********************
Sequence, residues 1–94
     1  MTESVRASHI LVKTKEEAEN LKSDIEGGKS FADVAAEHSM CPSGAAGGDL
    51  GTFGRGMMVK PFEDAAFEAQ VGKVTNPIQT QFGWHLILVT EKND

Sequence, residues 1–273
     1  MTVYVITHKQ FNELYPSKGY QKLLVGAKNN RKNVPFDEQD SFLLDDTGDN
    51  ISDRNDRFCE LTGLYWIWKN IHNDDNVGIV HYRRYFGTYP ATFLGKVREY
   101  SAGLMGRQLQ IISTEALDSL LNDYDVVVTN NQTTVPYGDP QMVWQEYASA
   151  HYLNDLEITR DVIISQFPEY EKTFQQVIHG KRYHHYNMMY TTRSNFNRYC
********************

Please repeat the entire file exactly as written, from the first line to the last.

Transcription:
Sequence, residues 1–94
     1  MTESVRASHI LVKTKEEAEN LKSDIEGGKS FADVAAEHSM CPSGAAGGDL
    51  GTFGRGMMVK PFEDAAFEAQ VGKVTNPIQT QFGWHLILVT EKND

Sequence, residues 1–273
     1  MTVYVITHKQ FNELYPSKGY QKLLVGAKNN RKNVPFDEQD SFLLDDTGDN
    51  ISDRNDRFCE LTGLYWIWKN IHNDDNVGIV HYRRYFGTYP ATFLGKVREY
   101  SAGLMGRQLQ IISTEALDSL LNDYDVVVTN NQTTVPYGDP QMVWQEYASA
   151  HYLNDLEITR DVIISQFPEY EKTFQQVIHG KRYHHYNMMY TTRSNFNRYC